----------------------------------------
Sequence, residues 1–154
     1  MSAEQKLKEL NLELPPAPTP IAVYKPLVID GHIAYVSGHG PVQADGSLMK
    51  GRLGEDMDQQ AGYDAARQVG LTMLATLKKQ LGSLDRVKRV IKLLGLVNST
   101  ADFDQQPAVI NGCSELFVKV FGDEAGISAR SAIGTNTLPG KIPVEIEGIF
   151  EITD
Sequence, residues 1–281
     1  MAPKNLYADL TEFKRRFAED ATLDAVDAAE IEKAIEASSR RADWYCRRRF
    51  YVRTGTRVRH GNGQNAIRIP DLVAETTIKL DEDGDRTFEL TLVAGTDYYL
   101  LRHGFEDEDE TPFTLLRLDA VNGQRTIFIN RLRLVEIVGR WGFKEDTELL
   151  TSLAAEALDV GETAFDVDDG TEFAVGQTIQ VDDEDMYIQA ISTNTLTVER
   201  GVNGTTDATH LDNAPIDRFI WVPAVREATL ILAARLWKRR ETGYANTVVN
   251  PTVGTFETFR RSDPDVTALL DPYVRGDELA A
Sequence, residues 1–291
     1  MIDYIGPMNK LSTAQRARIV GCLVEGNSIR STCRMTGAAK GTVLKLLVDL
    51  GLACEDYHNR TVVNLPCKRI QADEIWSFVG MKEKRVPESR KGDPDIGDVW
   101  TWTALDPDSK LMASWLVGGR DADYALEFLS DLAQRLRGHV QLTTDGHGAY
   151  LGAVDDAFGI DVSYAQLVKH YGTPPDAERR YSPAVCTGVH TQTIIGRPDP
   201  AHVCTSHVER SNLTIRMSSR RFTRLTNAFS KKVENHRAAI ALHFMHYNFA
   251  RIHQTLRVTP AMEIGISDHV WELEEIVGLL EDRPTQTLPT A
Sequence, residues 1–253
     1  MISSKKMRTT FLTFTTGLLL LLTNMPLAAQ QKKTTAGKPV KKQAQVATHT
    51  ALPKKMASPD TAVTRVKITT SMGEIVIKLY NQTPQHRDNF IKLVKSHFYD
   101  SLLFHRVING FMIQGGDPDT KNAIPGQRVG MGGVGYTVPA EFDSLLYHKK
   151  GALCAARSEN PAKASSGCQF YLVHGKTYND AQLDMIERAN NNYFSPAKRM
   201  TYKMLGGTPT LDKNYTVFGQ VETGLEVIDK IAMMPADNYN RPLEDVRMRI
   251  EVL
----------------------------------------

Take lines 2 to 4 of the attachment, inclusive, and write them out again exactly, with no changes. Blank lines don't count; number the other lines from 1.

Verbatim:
     1  MSAEQKLKEL NLELPPAPTP IAVYKPLVID GHIAYVSGHG PVQADGSLMK
    51  GRLGEDMDQQ AGYDAARQVG LTMLATLKKQ LGSLDRVKRV IKLLGLVNST
   101  ADFDQQPAVI NGCSELFVKV FGDEAGISAR SAIGTNTLPG KIPVEIEGIF